I've mentioned this before in another thread, about the lack of "sightings" of new gear/cameras.
I was out in Dingle yesterday - one of the top tourist spots in Ireland (had a photo job for a guest house). Dingle is crawling with tourists most of the year, even more so in summer.
A large % of them are American, as this seems to be one of their top locations to visit.
Wandering through the town, for some time there are some clear patterns being revealed.
A: 95% of people are not using cameras anymore - at all. Most are using their phones. It's not even remotely the same as 10 years ago where you would see lot of people using some kind of camera. These are what I would call the average Joe non enthusiast user, they used to buy 35mm film compacts, and digital compacts/superzooms maybe, some maybe an entry DSLR
B: The few cameras I did see almost all of them are "old". By that I mean Canon 5d (MkI) - yes the golden oldie FF body. A 5dMkII was spotted, few entry Rebels, and the odd Nikon D7000, and a D300. There were not that many, of course I didn't see everyone but out of hundreds of people I passed, I would say under 5% were using any kind of a camera. No compacts spotted, one hipster dude was using an A5000. I also saw an A57 in there and no Pentax cameras and very few other makers mostly Canon then Nikon. It's not a scientific test by any means, but it shows how much the market has changed.
My thoughts are simply this, and I did speak to a few people who had the cameras. The resounding response to my question about why they are using xyz is simple. They bought it they want to use it, they like using a camera and don't see a need to "upgrade" bodies/lenses etc. My gear it hardly current, but comparing it to most of what I saw it's quite up to date
- many of these cameras were 10 years old and some even older
If you mix in the CIPA figures: (next months figures should be out soon)http://www.cipa.jp/stats/documents/e/dw-201903_e.pdf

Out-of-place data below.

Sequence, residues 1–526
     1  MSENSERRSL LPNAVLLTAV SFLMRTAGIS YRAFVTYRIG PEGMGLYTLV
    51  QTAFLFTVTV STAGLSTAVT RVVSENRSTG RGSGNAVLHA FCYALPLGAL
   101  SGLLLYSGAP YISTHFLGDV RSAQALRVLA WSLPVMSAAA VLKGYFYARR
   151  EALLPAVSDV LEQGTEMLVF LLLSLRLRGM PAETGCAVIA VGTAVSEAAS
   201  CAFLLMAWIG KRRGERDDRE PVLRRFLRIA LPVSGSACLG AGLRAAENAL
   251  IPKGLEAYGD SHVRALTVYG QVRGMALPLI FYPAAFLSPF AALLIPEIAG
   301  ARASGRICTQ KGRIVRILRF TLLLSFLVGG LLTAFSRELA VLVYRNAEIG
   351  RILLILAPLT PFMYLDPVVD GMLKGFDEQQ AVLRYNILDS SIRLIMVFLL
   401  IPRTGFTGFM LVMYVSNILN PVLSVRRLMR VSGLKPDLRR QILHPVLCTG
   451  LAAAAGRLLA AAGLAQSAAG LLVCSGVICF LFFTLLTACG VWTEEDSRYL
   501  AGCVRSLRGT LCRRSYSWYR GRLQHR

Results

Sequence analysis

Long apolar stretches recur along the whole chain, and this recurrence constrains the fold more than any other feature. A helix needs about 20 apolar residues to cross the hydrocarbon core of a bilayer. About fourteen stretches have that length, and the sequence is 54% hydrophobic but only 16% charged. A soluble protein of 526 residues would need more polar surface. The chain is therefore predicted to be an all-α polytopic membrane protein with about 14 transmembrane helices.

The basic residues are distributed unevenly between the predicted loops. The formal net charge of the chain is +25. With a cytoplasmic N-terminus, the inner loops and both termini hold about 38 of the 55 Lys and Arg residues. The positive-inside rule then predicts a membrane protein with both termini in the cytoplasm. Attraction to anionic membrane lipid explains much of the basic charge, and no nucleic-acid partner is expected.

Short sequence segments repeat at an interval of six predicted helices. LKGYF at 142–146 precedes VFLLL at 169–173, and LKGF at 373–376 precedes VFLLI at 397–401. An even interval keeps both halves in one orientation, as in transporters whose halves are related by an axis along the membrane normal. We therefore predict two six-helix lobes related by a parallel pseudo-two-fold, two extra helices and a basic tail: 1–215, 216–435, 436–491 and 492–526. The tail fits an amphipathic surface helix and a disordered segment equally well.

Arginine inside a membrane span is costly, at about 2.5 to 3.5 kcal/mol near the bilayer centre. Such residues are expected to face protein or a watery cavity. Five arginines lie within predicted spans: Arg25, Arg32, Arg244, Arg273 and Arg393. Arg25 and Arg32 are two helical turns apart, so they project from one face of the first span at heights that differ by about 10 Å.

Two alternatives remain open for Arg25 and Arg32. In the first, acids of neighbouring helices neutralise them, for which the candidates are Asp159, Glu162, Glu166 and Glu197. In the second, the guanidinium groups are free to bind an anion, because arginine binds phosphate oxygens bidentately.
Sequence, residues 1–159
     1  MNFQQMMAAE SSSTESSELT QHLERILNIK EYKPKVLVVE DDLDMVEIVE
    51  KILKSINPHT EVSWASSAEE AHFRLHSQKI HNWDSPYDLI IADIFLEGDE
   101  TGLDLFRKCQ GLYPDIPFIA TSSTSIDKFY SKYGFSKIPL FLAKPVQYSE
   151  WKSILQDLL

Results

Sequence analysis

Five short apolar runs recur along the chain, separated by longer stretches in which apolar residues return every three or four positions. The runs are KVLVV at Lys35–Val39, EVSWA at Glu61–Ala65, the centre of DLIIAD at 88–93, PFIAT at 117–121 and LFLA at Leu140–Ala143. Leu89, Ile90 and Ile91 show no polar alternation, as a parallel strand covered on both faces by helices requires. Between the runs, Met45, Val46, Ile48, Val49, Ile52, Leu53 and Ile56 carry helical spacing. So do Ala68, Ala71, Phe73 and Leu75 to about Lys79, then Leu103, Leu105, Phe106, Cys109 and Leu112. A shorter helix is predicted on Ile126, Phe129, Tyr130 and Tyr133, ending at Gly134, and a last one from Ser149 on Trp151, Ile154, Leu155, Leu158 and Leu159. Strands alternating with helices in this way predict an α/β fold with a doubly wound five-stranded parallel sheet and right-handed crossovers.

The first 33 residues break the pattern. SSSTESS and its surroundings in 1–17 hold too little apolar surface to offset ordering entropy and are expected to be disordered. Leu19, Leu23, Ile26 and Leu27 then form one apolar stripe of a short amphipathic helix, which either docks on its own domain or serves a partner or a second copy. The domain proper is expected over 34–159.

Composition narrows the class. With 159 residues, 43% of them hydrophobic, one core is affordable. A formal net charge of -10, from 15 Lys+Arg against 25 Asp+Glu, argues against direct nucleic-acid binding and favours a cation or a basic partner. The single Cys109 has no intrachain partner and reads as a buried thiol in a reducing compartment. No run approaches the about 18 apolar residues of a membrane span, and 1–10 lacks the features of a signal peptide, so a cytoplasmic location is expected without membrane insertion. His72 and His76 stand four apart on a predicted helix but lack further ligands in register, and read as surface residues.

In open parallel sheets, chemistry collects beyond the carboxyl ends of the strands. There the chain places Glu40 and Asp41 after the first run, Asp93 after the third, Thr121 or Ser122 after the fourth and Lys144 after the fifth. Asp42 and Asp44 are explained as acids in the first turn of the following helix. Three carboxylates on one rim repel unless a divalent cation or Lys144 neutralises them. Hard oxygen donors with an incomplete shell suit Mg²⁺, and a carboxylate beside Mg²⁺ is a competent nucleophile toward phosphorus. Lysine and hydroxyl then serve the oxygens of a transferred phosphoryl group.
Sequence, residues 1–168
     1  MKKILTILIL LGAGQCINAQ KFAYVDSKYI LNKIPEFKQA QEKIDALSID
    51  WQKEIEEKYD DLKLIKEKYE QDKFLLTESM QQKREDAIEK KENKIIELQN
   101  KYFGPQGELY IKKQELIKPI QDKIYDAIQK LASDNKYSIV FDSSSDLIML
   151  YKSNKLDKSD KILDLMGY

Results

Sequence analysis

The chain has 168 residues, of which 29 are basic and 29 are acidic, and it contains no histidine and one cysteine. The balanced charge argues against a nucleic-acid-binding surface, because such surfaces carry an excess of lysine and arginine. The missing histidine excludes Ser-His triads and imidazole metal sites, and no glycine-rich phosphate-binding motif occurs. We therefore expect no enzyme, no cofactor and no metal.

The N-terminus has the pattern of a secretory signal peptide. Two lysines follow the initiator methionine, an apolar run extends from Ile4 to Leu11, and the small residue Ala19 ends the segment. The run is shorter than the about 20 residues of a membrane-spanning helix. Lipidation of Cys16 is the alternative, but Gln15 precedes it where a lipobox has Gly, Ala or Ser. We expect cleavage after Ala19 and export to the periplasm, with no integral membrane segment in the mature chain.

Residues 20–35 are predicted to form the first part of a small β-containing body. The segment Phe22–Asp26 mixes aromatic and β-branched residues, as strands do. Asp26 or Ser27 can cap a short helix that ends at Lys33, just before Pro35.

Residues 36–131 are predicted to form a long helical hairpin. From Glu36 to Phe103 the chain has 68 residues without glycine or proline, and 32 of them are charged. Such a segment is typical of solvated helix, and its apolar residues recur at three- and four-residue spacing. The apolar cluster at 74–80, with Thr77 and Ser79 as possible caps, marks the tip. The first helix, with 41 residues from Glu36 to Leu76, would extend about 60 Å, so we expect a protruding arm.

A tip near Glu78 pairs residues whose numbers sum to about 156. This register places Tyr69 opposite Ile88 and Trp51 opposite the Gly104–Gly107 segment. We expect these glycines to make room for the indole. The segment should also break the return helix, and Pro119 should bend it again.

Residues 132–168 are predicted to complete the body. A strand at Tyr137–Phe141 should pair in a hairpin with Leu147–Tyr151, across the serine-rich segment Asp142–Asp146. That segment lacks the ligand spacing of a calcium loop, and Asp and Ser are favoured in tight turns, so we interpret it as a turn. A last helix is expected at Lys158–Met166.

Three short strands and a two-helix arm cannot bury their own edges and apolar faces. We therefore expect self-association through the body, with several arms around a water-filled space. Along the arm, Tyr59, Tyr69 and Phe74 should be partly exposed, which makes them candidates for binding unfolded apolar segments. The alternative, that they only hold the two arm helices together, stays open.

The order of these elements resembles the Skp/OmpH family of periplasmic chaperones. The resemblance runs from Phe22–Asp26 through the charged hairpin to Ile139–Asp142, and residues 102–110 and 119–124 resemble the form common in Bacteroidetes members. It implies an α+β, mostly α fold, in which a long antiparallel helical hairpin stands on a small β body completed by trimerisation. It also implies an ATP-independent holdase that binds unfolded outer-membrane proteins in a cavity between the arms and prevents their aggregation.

I think the industry is in terminal decline. I will also say that mirrorless isn't going to make any difference at all in sales
Someone buys an EOS R, are they doing to ditch their EOS mount lenses and re-buy them on the new mount? I would say that most will not. I'm sure some enthusiasts are buying gear, but there are a lot less of them around.
Also the big financial crunch which happened just before the sales started to drop rapidly. I really do think that the effects of this are present still for many. Price up a new system pick E mount or any other mount on mirrorless. You'd want some serious cash outlay to build even a semi decent system from scratch. You can mix in some third party lenses to ease the pain. But my prediction about many mirrorless users "cheaping out" and using adapters I think happens more often than many assume.
I kept my lens price chart from years ago, adjusted the lens prices to inflation, and estimate most modern mirorless lenses are 30-40% above what they should be, even making some leeway for r&d and new tech etc. In short photography "new gear" has never been more expensive, we have older models which have not dropped in price nearly as much as they used to (my old photo mags reveal the price falls were big even 12 months after release - not happening now)
Grim stuff any way out of this? I think the price hikes only damage the uptake of new gear even more. It's almost a self defeating strategy. Most people just ignore it, the best camera they have with them is their phone. I think 3-4 makers are going to be pushed out of the market over the next 5-10 years. Not enough pie to go around...
If anything longer term mirrorless might hurt makers even more, they can't lock you into their mount as well as they used to